By Dana Milbank

“What you fundamentally need to know about this organization is it’s completely legislator driven,” said senior director of public affairs Bill Meierling.

Uh-huh.  And ALEC is proving that by keeping reporters from the rooms where the legislators are or are not receiving their marching orders from corporate patrons.

This probably won’t fly much longer.  Arlington, Virginia-based ALEC has been a major force behind the conservative swing in state capitals, and it claims 82 alumni in the House — including Speaker John Boehner (Ohio) and Majority Leader Eric Cantor (Va.) — and 11 in the Senate.  Its advisory council includes Exxon Mobil, Pfizer, Diageo, AT&T, Peabody Energy, Koch Industries and UPS, and exhibitors at its conference this week include the Charles Koch Institute, the Family Research Council and the Heritage Foundation. Sen. Ted Cruz (R-Tex.) and Rep. Paul Ryan (R-Wis.) are addressing the conference.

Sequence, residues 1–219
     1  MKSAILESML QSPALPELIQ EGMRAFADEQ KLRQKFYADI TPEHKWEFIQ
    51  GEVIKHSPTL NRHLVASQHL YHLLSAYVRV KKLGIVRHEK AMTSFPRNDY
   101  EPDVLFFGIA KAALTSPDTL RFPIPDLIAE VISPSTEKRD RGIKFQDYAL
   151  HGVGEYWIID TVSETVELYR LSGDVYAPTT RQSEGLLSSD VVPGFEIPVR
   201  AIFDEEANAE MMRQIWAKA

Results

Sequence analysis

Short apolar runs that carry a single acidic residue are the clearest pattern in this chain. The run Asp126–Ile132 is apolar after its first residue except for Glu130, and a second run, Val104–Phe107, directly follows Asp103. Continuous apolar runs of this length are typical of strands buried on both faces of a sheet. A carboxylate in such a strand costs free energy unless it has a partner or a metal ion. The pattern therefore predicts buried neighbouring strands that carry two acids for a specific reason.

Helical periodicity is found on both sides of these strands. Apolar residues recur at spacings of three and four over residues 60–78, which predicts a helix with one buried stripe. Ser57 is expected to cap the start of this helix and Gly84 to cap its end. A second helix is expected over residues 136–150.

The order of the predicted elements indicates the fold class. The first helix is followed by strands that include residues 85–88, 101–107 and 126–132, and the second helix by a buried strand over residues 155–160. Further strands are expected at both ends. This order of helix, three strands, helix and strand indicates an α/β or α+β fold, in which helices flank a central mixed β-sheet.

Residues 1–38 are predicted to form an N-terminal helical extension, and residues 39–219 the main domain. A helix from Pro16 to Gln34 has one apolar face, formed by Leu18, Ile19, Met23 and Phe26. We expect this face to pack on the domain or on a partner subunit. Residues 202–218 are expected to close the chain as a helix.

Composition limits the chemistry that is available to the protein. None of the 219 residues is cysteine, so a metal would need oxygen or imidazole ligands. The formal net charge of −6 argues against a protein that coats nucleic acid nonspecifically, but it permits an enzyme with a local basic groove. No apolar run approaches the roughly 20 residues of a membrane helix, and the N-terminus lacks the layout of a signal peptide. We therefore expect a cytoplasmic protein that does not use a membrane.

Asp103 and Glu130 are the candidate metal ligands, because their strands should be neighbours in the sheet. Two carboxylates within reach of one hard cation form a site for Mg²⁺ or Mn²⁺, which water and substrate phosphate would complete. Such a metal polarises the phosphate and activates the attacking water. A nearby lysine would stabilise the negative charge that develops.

ALEC standing his groundBut ALEC’s fortunes began to change with the killing of Trayvon Martin and the resulting attention to the danger of “stand your ground” laws, one of many initiatives ALEC spread from sea to shining sea. Some corporate sponsors, including Amazon, Coca-Cola, General Electric, Kraft, McDonald’s and Wal-Mart, quit ALEC. On Tuesday, the Guardian newspaper published a trove of internal ALEC documents showing how grim its situation has become.

It reported that the group has lost almost 400 state legislators in the past two years and more than 60 corporations. Its income fell a third short of projections in the first six months of this year. To raise money, the documents showed, ALEC considered expanding its policy portfolio to gambling, and, concerned about potential tax problems with its designation as a 501(c)(3) charity, it is considering 501(c)(4) status, which would allow it to lobby more openly.

Among the ALEC documents obtained by the Guardian: a draft loyalty oath for legislators who serve as the group’s state chairs, declaring that “I will act with care and loyalty and put the interests of the organization first.”